Why do men always think they can save us? That may be the wrong question, because there are plenty of people with all different kinds of answers to that. Some might say it’s a result of our entire patriarchal society where women are viewed as the weaker sex and need the strong men to protect us. Some others might think it doesn’t go that far and will say it’s because of pop culture, with icons like Superman or John Wayne teaching men that being strong and saving the womenfolk is the only way to truly be a man. Maybe it’s a combination of the two of those, maybe it’s something else entirely that goes even further and deeper.
Perhaps the better question would be, why don’t men ever learn that they can’t save us? Whether it’s physical threats, emotional turmoil, financial struggles, or even just a bad boss, there are always going to be men that think they can ride in on their white horse and save women from every problem that comes their way. But most men aren’t Superman, and most problems can’t be fixed by having a male swoop in and whisk you away.
Before I go any further, I think it’s important to clarify something. I’m not talking about good deeds, or helping your friends and loved ones in any and every way that you can. Goodness and kindness are an infinite resource that we all have to give, and offering a helping hand to others, even strangers, is so important to our society. No, what I’m talking about here is the noble savior, the knight in shining armor, who thinks that all they have to do is ride in, sweep the girl up onto their white horse, and ride off into the sunset where they can live happily ever after. It’s this fantasy that it seems men can never let go of, it’s this fantasy that women find it so tiring to tiptoe around or cater to, and it’s this fantasy that can cause so many rifts in relationships.
It’s not just boys that grow up learning this. Little girls are often raised on stories about being rescued from a tower by a knight in shining armor, that all they have to do is be patient and their Prince Charming will save them from their lives. Most of the time, however, girls learn. It never seems to take very long for women to abandon their girlhood fantasies of being rescued and realize they’ll have to fend for themselves. But then again, when one of the major threats to your safety and well-being is the one that’s supposed to save you, it’s pretty easy to see through the fantasy.
Cecilia was the first of the Lisbon sisters to be told that men would fix her problems, when Dr. Horniker suggests inviting boys over as a way to help with her depression. Cecilia was also the first to try and show the boys that nothing they did could save her by jumping out the window right under their noses.
The boys didn’t learn the lesson she was trying to teach them, although I guess that makes sense. One freak occurrence is not going to change everything you’ve grown up believing. We never heard from Dr. Horniker again, so we’ll never know if he learned anything. I certainly hope so, even though experience has taught us that the chances are slim.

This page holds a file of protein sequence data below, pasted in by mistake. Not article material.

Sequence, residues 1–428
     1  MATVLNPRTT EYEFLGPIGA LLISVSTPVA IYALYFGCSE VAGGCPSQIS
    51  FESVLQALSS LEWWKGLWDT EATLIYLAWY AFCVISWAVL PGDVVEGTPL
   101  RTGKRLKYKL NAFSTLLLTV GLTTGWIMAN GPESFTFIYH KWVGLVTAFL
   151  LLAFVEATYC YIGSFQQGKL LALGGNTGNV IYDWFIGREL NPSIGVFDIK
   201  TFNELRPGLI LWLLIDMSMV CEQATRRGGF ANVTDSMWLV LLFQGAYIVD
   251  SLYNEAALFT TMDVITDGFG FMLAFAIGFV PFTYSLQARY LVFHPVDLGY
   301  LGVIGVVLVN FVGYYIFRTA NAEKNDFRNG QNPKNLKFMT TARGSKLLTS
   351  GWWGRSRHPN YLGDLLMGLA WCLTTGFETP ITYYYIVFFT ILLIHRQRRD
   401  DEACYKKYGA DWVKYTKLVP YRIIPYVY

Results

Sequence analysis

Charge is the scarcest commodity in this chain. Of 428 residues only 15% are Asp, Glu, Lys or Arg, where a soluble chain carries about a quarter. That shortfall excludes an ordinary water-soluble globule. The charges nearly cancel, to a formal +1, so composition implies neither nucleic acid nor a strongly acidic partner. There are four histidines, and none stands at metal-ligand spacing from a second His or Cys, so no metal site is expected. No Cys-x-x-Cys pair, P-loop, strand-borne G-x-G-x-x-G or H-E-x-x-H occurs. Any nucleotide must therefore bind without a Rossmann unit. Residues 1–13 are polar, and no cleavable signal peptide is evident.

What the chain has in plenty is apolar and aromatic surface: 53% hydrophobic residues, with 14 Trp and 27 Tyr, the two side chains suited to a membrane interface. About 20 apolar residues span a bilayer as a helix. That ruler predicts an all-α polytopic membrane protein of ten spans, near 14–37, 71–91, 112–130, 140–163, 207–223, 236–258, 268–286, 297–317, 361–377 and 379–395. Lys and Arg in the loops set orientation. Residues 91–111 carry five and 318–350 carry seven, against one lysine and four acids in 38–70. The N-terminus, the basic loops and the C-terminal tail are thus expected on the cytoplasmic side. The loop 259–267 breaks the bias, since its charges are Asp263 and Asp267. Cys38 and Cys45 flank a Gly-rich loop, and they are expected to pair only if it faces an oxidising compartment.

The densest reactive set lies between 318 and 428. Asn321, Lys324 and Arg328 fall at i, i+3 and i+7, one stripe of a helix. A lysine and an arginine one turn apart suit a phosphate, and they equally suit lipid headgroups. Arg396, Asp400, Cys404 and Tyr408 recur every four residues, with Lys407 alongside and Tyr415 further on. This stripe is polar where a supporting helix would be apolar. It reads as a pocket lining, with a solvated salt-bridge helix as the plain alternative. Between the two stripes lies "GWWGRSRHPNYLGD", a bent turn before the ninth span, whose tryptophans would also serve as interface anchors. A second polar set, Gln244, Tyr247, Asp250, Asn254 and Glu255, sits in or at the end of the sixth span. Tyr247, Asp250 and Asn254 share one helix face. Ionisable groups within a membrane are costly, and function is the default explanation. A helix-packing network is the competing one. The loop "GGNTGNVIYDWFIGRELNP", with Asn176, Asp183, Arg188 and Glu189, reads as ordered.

It took the rest of the Lisbon girls a little while longer to learn, but not much longer. Lux mostly got the lesson from Trip. Waking up to find you’ve been abandoned in the middle of a football field is a harsh way to wake up, in more ways than one, but her excursions to the roof solidified the knowledge. In the iconic shot of her with her cigarette, staring into nothing, there’s a coldness in her eyes that we hadn’t seen before, that only shows up in a girl’s face after she’s learned that she’s on her own.
It’s not as clear when Therese, Mary, and Bonnie learned, but I’d wager it was somewhere in those phone calls with the boys, when they were reaching out for help in the only way they could and in return received records played over the phone. Don’t get me wrong, they were good songs, and the messages in them spoke loud and clear, but it wasn’t the most practical rescue of all time. And I’m not blaming the boys for that. They were only teenagers, after all, in a sticky situation with no real answers. But how many of us can relate to reaching out to someone you think can help you, only to realize there’s nothing they can do and you’re on your own in this. But while the Lisbon sisters were facing this realization trapped in their house, the boys across the street still thought their rescue mission was chugging along.
Maybe it’s the adult narrator that makes this so frustrating. Teenage boys not being able to figure out what they were missing is understandable; they’re still learning about the world and growing. But now those boys are grown men with careers and children of their own, and they’re still gathering all of the evidence and scanning through the pictures and diaries, looking for the gaps in the story, never realizing that the biggest gaps of all are their own misunderstandings, never understanding that they couldn’t be the heroes for those girls.
In the final words of the film, the narrator states, “They hadn’t heard us calling, still do not hear us calling them out of those rooms where they went to be alone for all time,” but that’s not true. The Lisbon sisters heard you loud and clear, but they knew then what you have still not managed to figure out. They knew that you couldn’t save them, you couldn’t ride in, swoop them up onto your white horse, and ride off into the sunset together to live happily ever after.
Amy Renee Wasney is a passionate writer and feminist living in the south suburbs of Chicago and an annual participant in National Novel Writing Month who enjoys hot beverages, baking, and cross-stitching. Her favorite films include “The Princess Bride,” “Big Fish,” and “To Kill a Mockingbird,” and her personal heroes are Fred Rogers and Hermione Granger. She tries to live up to their example each and every day.